[Solved] QObject back to main thread



  • Hi there,

    I wonder how to get back an object running in a QThread to the main thread?

    The following code runs in the main thread:

    @QThread *thread = new QThread();

    MyObject *object = new MyObject();

    object->moveToThread(thread);

    thread->start();@

    I would like to get back the object instance to the main thread. I've tried (from the main thread):

    @object->moveToThread(QApplication::instance()->thread());@

    But I've got: @QObject::moveToThread: Current thread (0x00000001) is not the object's thread (0x00000002). Cannot move to target thread (0x00000002)@

    I've also tried to do it from the object itself:

    @moveToThread(QApplication::instance()->thread());@

    Same error...

    Any idea?



  • Please read the "warning":http://qt-project.org/doc/qt-4.8/qobject.html#moveToThread posted in the moveToThread documentation. You must move the object from the thread you created. You cannot pull it back into your thread from your main thread. Also your 2 tries are actually just one try as your moveToThread is called in your mainThread not in your worker thread.



  • [quote author="b1gsnak3" date="1366208403"]Please read the "warning":http://qt-project.org/doc/qt-4.8/qobject.html#moveToThread posted in the moveToThread documentation. You must move the object from the thread you created. You cannot pull it back into your thread from your main thread. Also your 2 tries are actually just one try as your moveToThread is called in your mainThread not in your worker thread.[/quote]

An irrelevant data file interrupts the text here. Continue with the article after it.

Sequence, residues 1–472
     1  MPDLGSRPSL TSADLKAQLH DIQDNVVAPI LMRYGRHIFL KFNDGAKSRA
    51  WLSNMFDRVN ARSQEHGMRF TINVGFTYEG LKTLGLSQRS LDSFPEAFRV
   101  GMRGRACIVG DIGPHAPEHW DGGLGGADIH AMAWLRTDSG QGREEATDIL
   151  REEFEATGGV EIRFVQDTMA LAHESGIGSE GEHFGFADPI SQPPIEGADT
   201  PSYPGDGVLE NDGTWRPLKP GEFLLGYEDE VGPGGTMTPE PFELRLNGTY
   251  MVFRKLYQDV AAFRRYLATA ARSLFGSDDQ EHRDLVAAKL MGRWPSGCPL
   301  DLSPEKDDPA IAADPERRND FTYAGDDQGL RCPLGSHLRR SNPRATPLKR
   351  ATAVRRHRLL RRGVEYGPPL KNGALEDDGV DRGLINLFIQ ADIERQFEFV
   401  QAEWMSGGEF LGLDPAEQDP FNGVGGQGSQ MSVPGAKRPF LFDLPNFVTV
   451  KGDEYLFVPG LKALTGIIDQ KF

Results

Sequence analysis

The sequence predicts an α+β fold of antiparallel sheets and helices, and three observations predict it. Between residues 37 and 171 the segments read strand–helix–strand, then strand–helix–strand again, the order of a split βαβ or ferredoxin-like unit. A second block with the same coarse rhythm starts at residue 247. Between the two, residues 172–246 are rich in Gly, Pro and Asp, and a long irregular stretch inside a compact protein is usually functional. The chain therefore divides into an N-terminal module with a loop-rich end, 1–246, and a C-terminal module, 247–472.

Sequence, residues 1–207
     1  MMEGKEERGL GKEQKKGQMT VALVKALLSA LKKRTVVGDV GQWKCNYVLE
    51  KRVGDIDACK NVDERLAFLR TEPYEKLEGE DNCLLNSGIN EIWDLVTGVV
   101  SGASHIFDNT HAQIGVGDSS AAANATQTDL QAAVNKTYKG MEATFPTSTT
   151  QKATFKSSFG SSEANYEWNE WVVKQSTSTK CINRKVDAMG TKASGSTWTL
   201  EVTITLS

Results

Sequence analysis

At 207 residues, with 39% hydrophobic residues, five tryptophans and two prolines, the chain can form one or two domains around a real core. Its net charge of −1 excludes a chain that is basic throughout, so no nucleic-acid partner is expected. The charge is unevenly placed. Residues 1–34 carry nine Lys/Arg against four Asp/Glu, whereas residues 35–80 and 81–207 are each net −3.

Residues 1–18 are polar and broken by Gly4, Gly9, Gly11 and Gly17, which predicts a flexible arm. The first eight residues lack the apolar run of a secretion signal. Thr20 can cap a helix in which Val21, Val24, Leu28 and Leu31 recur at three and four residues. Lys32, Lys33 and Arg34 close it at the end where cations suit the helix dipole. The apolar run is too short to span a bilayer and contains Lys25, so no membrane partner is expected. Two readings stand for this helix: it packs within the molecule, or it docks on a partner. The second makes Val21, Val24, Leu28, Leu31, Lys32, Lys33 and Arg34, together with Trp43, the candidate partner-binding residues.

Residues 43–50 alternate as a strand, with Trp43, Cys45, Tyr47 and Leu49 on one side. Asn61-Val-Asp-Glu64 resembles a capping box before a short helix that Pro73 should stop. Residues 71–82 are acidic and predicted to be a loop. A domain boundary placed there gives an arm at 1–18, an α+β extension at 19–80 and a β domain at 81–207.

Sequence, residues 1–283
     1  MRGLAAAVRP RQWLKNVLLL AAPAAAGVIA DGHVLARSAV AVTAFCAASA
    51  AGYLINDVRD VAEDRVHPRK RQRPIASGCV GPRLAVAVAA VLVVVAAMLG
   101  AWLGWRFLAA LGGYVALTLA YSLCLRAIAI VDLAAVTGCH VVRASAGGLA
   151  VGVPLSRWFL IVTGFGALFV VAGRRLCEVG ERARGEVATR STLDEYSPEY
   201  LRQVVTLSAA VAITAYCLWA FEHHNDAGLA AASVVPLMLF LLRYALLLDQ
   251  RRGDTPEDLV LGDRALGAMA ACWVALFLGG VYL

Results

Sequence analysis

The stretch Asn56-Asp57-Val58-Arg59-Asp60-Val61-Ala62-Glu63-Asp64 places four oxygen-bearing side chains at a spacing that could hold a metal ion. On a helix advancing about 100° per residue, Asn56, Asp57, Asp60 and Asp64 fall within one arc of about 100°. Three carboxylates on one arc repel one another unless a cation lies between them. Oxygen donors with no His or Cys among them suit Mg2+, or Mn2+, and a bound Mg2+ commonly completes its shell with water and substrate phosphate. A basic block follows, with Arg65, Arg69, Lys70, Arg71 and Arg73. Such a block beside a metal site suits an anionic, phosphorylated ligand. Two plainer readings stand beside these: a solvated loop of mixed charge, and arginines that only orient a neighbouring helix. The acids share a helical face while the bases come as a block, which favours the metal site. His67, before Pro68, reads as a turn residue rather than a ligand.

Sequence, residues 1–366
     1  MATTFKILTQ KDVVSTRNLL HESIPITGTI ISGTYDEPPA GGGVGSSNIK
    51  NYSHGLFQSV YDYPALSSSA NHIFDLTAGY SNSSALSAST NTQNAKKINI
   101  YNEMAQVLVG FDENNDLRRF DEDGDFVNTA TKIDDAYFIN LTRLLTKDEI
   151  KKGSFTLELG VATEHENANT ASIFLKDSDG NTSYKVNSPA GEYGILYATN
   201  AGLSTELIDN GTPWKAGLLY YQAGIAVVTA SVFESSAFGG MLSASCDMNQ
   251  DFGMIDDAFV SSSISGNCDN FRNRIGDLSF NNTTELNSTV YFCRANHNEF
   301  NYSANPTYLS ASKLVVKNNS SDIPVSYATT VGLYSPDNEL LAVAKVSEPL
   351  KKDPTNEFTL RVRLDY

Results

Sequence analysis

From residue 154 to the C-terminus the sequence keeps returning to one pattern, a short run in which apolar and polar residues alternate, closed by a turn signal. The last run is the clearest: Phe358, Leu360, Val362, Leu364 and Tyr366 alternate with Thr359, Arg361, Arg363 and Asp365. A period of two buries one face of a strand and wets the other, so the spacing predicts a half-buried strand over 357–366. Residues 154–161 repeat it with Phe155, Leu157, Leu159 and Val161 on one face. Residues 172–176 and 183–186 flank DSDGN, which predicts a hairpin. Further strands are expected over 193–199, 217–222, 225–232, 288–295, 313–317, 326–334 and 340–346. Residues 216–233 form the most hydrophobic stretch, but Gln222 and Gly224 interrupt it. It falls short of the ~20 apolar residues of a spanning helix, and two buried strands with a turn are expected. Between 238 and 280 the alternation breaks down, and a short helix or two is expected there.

Yes I read this but how to do?

    I am obliged to subclass QThread then, aren't I?


  • Moderators

    [quote author="Maxbester" date="1366206856"]I've also tried to do it from the object itself:

    @moveToThread(QApplication::instance()->thread());@

    Same error...[/quote]Hi,

    This piece of code will work, IF it is called from the other thread.

    Keep in mind, when you move a QObject to another thread, the only guarantee you get is this: The QObject's slots will run in the other thread, if invoked through a queued connection.

    Example:
    @
    class MyObject : public QObject
    {
    public slots:
    void doWork();
    }

    //--------
    void OtherObject::foo()
    {
    this->obj = new MyObject();
    this->thread = new QThread(this);

    obj->moveToThread(thread);
    connect(this, SIGNAL(startWork()), obj, SLOT(doWork()));
    thread->start();
    
    
    // ======================================
    // Two ways of calling MyObject::doWork()
    // ======================================
    obj->doWork(); // Direct function call; runs doWork() in the main thread. BAD.
    
    emit startWork(); // Queued invokation; runs doWork() in the other thread
    

    }
    @

    So, you can make the object move itself, by putting moveToThread() in a slot and invoking that slot.

    But before that, it might be more useful to ask: Why do you need to move the object back to the main thread?



  • Okay thanks for your reply. It makes sense.

    For my knowledge, is it possible to call a slot with:
    @QMetaObject::invokeMethod(obj,"doWork", Qt::QueuedConnection)@

    ?

    Actually, I want to move back the object to the main thread when the user closes a modal window. The thread has been launched by this modal window and I don't want to lose the object when closing it. So I reimplemented the event function to send a stop signal to the object. When the object receives it, it does the moveToThread(QApplication::instance()->thread).

    The problem is when I send the stop() signal in a queue connection, it is received 52 seconds after the user asked to close the window...

    Can you think of a work around?

    Thanks


  • Moderators

    [quote author="Maxbester" date="1366273841"]Okay thanks for your reply. It makes sense.

    For my knowledge, is it possible to call a slot with:
    @QMetaObject::invokeMethod(obj,"doWork", Qt::QueuedConnection)@

    ?

    [/quote]You're welcome :) Yes you're right, QMetaObject::invokeMethod() will cause the slot to run in the other thread too.

    [quote]